The imaging provided demonstrates a CT adrenal washout study. CT adrenal washout studies are performed for lesions that do not satisfy diagnostic criteria for demonstrating the presence of lipid rich adenoma either by non contrast CT or by MRI paired T1 in and out of phase imaging. Note that it is a common error to perform an MRI examination following a non contrast CT examination that demonstrates CT Hounsfield units greater >10 HU, or inversely to perform a non contrast CT following the MRI examination that does not demonstrate significant signal dropout. As these tests are both evaluating the same physical characteristic, namely the presence of intra voxel fat, a surrogate of microscopic fat, there is no additional diagnostic benefit in performing both examinations.
CT adrenal washout studies are performed by performing a non contrast examination to establish the baseline attenuation of the adrenal lesion. A subsequent portal venous phase acquisition is performed, supplemented by a 15-minute phase evaluation. In principle benign adrenal adenomas, including those that are lipid poor, measuring >10 HU at baseline, will demonstrates significant enhancement and subsequent de-enhancement (washout). Malignant tumours demonstrate enhancement but less washout. It is important that measurements are performed with a representative region of interest (ROI) that encompasses generally greater than 70% of the lesion on the sections best demonstrating the lesion, rather than utilising small ROIs that may selectively demonstrate one region. Within larger lesions, however, it is prudent to perform more than one confirmatory large ROI measurement.
Absolute washout is defined as the following (PV=Portal venous, Pre=Precontrast):
100 x (PV HU - Delayed HU)/ (PV HU - Pre HU).
>60% suggests adenoma (sens 86%, spec 92%).
It is possible to also to consider only the portal venous and delayed phase (e.g. this is sometimes helpful with incidnetal adrenal nodules in two phase CT colonography studies). This results in relative washout measurement which is defined as:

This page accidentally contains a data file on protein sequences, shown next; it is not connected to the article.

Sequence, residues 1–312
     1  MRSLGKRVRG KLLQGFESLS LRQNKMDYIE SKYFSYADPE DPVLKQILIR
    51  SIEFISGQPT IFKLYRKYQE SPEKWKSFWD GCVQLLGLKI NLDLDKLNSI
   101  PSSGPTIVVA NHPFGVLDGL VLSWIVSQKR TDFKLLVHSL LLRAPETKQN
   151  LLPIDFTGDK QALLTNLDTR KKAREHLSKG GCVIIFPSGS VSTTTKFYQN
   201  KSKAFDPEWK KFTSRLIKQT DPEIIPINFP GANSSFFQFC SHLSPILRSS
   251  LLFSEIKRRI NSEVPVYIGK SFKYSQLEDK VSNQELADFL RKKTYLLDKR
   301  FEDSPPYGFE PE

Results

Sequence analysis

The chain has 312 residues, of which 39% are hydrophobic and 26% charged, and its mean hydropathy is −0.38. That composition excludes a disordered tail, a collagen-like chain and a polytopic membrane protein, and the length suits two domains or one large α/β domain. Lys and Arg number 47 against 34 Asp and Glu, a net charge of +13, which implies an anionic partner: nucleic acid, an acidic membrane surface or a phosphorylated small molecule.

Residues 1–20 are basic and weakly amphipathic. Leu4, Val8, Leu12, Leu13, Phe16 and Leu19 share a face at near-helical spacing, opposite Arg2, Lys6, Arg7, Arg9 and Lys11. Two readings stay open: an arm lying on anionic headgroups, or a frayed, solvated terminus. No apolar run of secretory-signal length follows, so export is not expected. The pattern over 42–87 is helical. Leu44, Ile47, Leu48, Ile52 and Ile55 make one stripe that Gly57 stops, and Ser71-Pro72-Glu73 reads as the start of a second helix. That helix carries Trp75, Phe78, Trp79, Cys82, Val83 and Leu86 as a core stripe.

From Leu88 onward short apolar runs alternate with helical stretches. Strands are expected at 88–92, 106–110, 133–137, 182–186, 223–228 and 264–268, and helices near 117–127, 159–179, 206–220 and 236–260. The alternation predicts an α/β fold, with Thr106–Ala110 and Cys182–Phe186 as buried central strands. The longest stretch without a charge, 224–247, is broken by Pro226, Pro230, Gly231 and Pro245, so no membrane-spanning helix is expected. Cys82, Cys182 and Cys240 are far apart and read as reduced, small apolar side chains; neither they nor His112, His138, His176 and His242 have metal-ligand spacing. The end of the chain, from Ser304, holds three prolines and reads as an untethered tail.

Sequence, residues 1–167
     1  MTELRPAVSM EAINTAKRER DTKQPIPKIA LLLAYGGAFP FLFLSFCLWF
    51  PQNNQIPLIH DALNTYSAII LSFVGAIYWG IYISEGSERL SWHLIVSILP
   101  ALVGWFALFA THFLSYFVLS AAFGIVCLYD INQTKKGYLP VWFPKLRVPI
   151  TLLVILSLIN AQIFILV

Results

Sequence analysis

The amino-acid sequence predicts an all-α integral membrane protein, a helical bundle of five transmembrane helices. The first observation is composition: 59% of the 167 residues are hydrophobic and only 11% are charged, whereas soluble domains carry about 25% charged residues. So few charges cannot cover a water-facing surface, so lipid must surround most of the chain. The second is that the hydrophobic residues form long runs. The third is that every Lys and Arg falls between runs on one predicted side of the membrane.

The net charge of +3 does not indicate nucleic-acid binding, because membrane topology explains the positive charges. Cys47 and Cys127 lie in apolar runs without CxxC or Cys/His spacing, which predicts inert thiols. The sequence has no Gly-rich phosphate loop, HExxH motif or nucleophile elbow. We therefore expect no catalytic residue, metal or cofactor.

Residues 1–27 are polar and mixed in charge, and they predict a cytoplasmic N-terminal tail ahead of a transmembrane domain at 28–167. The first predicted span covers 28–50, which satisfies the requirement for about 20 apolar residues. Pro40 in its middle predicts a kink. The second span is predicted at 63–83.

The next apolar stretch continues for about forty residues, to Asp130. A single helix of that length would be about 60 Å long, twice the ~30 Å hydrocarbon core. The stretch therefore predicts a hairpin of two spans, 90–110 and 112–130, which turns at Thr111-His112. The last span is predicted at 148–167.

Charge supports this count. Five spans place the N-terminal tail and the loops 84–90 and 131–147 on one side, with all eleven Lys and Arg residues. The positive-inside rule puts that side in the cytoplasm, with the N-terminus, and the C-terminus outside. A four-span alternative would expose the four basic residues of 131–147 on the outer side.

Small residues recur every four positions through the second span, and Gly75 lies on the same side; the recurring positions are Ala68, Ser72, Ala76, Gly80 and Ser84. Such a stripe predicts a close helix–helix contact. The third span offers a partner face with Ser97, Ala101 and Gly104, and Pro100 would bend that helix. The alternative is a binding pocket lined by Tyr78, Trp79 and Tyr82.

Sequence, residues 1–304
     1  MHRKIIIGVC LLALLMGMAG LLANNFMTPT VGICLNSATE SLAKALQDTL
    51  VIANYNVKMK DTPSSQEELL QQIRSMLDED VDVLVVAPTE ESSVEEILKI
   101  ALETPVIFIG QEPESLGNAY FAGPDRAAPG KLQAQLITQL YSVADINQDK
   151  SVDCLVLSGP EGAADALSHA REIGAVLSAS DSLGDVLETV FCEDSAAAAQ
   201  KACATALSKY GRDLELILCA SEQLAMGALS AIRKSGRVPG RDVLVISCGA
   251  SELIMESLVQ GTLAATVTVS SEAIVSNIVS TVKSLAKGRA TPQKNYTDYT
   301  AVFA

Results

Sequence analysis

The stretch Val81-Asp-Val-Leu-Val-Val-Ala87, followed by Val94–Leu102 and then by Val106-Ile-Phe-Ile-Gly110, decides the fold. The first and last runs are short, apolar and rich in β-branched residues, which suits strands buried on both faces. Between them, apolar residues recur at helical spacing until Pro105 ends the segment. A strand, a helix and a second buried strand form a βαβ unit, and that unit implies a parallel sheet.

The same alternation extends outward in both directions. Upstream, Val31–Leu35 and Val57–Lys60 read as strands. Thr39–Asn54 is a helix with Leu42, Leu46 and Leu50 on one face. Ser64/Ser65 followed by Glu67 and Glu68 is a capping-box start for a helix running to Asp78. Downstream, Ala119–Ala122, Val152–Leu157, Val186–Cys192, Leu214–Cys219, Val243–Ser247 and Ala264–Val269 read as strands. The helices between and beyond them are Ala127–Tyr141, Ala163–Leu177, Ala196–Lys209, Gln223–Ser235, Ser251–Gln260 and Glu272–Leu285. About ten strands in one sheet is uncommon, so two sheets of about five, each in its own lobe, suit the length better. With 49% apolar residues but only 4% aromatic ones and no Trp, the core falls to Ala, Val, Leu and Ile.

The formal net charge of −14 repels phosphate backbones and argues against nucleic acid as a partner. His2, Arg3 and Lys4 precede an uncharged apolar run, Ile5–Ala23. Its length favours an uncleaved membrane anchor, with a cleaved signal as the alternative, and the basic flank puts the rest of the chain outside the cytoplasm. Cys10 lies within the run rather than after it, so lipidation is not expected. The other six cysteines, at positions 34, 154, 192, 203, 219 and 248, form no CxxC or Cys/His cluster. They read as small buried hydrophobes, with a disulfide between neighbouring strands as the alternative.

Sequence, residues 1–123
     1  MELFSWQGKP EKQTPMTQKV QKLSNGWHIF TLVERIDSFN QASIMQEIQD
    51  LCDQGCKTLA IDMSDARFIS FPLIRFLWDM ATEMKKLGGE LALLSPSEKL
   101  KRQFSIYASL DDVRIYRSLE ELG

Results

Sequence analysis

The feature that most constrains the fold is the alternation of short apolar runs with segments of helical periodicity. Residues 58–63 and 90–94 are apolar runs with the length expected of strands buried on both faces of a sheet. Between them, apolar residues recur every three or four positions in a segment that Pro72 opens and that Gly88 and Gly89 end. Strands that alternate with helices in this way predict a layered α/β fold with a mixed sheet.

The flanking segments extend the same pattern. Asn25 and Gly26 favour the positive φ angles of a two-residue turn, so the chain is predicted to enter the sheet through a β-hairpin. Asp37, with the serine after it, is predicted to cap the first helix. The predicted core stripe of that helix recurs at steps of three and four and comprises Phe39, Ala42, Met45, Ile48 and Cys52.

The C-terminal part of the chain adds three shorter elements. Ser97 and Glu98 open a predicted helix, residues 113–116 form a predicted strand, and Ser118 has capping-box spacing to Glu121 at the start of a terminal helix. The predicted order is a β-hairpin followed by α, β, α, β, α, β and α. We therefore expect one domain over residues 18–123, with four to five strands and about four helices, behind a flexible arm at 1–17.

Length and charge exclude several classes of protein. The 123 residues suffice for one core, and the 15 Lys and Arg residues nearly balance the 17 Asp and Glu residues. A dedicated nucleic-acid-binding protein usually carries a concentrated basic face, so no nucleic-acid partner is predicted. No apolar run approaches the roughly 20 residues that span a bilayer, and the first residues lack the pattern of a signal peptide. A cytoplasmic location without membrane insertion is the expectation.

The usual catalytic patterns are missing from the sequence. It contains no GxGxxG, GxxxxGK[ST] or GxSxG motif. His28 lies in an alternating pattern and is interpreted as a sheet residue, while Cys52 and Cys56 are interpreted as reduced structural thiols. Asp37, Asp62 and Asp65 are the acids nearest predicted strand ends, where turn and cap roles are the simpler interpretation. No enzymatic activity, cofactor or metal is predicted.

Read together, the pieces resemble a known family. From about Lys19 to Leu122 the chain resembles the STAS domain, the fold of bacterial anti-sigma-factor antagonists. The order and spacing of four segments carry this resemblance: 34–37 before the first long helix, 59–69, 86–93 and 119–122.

Relative washout: 100 x (PV HU - Delayed HU)/ PV HU.
>40% suggest adenoma (sens 82%, spec 92%).
Therefore, in this instance the lesion demonstrates an absolute washout of 67% and relative washout of 53%, both of these suggesting a benign adenoma. However, there are certain caveats to CT adrenal washout studies. Firstly the studies that evaluate both densitometry washout of adrenal nodules generally evaluated smaller lesions, measuring 3 cm or less. The probability of neoplasia in larger adrenal lesions is significantly higher, particularly as lesions exceed 5-6 cm. Heterogeneous lesions are also more likely to be neoplastic. Finally it is also important to consider that an adrenal lesion that measures more than 120HU on the portal venous phase acquisition is highly likely to reflect a malignant metastasis (particularly hepatocellular carcinoma or renal cell carcinoma) or phaeochromocytoma. There is also well recognised a minority phaeochromocytomas may also mimic the washout characteristics of lipid poor adenomas. In this case the marked heterogeneous enhancement and large size of the tumour with PET portal venous enhancement greater than 120 HU highly suggested phaeochromocytoma which was the ultimate diagnosis confirmed from urinary metanephrines.